Why? Because in his view, the sentence was too harsh. He thought the Judge calculated Libby’s guidelines at too high a level. He thought the Judge should have granted Libby a departure from the guidelines. Because he disagreed, because he is President, because Scooter Libby is in his elite circle, he threw the law out the window. He didn’t reduce the sentence to a lesser term of imprisonment. He didn’t wait for the Court of Appeals to decide if Judge Walton was right or wrong. He didn’t wait for the system to run its course. Instead, because he didn’t want Scooter Libby to spend even a single night in prison, he intervened and set Libby free.
He made this decision just weeks after he had the Attorney General send his minions to Congress to argue that every federal offense should carry a mandatory minimum sentence from which a Judge cannot depart. In other words, for every other defendant in America, Bush wants to preclude judges from exercising discretion and require them to sentence according to a mathematical formula. Libby, on the other hand, gets a free pass because the Judge didn’t exercise the discretion Bush thinks Judges in other cases ought not to have.
With that one stroke of the pen, Bush trivialized and rendered meaningless the hard work of Judge Walton, the D.C. Circuit Court of Appeals, the prosecutors and the probation officer. He told them it didn’t matter how much time they spent analyzing the facts or the law or even whether they were right or wrong. He could care less what the law held. He thought differently and that’s all that mattered.
For every other defendant, prosecutor, judge and defense lawyer around the country, his action says something more: The law doesn’t apply if the defendant has a good enough connection to the President — and only if the defendant has a connection to the President.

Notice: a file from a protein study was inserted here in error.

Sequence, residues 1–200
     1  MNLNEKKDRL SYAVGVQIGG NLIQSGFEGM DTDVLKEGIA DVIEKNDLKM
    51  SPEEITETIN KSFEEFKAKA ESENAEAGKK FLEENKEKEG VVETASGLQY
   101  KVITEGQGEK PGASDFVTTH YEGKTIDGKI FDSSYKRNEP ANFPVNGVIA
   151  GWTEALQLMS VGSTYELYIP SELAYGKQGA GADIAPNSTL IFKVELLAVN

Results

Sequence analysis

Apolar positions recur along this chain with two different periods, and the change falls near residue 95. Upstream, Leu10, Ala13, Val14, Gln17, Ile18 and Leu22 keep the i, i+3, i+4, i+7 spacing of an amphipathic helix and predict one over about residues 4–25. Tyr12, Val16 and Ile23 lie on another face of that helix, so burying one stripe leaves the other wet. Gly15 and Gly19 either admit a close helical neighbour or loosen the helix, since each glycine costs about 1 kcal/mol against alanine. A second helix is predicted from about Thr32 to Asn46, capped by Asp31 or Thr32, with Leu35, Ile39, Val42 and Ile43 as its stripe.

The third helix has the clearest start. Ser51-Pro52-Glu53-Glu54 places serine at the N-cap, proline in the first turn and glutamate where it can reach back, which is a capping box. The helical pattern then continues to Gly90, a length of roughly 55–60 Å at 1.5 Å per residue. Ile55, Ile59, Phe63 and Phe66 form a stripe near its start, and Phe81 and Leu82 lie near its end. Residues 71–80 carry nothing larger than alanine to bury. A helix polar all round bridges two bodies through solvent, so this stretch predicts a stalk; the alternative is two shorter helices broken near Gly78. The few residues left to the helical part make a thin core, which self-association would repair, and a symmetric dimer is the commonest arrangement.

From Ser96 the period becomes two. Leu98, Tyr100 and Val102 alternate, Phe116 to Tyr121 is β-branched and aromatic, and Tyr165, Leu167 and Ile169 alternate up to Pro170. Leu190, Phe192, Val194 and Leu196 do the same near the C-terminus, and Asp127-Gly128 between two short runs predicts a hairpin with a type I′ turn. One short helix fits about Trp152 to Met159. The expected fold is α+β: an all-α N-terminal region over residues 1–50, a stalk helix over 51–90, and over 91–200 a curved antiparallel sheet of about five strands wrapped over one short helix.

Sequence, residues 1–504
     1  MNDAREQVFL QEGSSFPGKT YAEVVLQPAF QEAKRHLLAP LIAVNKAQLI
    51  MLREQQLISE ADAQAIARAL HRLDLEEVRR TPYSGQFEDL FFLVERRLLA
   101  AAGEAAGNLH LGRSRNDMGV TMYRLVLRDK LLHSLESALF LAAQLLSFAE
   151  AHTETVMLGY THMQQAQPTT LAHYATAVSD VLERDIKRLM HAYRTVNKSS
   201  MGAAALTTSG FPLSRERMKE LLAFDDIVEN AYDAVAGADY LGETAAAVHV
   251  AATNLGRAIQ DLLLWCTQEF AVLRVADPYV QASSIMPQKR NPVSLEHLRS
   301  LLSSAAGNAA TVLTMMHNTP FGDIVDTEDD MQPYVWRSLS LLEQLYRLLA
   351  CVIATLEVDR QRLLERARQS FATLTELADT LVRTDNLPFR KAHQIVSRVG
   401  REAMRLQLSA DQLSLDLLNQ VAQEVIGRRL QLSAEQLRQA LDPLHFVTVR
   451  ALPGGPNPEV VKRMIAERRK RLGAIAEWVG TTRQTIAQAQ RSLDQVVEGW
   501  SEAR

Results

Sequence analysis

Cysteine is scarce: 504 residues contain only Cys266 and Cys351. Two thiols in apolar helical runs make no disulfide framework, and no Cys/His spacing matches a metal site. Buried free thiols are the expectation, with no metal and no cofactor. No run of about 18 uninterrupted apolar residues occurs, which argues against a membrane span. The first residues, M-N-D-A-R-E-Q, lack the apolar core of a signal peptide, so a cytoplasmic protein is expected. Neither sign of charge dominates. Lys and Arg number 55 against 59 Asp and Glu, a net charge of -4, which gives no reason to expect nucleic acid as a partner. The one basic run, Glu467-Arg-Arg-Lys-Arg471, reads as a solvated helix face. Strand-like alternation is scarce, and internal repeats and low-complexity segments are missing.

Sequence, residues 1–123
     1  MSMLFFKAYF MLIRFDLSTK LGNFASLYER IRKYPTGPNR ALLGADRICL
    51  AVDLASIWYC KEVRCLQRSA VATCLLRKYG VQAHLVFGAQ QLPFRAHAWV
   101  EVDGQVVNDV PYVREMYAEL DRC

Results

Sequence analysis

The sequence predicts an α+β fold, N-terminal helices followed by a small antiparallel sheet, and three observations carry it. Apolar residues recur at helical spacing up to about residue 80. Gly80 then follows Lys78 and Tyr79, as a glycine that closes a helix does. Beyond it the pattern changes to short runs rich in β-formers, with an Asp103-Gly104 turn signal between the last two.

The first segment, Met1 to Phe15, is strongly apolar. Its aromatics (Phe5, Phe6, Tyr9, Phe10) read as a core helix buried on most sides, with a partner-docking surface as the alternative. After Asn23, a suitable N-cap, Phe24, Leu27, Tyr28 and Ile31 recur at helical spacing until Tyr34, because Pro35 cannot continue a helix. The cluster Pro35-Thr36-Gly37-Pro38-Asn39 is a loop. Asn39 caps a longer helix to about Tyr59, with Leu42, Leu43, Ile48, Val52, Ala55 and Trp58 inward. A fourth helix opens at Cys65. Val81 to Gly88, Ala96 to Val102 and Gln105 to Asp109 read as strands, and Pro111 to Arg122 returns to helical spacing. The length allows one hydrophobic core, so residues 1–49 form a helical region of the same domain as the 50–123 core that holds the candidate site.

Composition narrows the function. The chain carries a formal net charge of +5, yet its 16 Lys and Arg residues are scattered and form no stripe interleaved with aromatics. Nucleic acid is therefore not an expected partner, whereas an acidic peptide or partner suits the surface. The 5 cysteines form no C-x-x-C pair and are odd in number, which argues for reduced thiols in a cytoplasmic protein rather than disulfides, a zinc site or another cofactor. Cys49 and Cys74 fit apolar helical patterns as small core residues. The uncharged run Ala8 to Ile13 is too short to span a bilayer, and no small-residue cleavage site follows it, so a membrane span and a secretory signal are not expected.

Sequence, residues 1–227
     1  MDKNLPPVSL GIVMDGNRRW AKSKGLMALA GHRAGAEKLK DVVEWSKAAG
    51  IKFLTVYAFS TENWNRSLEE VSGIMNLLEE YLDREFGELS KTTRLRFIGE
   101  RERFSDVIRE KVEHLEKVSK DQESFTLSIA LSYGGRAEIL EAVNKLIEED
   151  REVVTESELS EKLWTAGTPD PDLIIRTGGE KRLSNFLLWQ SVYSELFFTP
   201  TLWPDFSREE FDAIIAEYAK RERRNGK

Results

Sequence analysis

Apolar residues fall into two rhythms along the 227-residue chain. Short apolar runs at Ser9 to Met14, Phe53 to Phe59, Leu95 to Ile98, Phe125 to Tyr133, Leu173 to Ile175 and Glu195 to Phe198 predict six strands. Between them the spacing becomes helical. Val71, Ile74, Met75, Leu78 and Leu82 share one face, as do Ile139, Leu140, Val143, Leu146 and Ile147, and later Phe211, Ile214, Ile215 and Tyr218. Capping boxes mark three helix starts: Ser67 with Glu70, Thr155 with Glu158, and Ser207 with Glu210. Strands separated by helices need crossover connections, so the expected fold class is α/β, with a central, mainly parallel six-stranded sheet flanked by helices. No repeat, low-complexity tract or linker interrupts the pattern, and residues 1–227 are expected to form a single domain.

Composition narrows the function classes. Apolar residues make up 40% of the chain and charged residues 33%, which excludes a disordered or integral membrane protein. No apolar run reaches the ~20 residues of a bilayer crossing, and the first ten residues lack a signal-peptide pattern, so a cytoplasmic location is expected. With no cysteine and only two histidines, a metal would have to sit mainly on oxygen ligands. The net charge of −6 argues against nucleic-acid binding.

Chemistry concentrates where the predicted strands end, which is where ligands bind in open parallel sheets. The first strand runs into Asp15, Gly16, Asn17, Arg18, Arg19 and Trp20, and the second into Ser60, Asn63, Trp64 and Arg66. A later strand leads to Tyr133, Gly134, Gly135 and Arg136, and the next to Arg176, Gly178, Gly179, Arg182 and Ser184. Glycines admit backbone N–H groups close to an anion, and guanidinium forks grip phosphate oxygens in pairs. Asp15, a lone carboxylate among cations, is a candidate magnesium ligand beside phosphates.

Finally, I think this quote from an article that Digby cites is particularly on point:
That Bush chose to make an exception for a political ally is galling to many career Justice Department prosecutors and other legal experts. Federal prosecutors said Tuesday the action would make it harder for them to persuade judges to deliver appropriate sentences.
The critics included some Republicans who said Bush’s decision did not square with an administration that had been ardently pro law-and-order. “It denigrates the significance of perjury prosecutions,” John S. Martin Jr., a former U.S. attorney and federal judge in New York, said of the commutation.
Prosecutors and federal judges nationwide are going to face a flurry of habeas petitions based on the Presidential commutation — that the sentencing guidelines are too excessive. You think the law and order types were unhappy with what the Bush Administration has done with the DOJ before, you ain’t seen nothing yet.
The one good thing that may come from this entire mess is that we have needed to have a discussion about the sentencing guidelines for a long time — that President Bush opened the door to that discussion with blatant favoritism for a political crony as a reward for his obstruction of justice is appalling. That Judge Walton is doing his part to make certain that the President and his legal toadies understand that they don’t get to construct the laws they want out of thin air, cobwebs, and Presidential edict is a good start.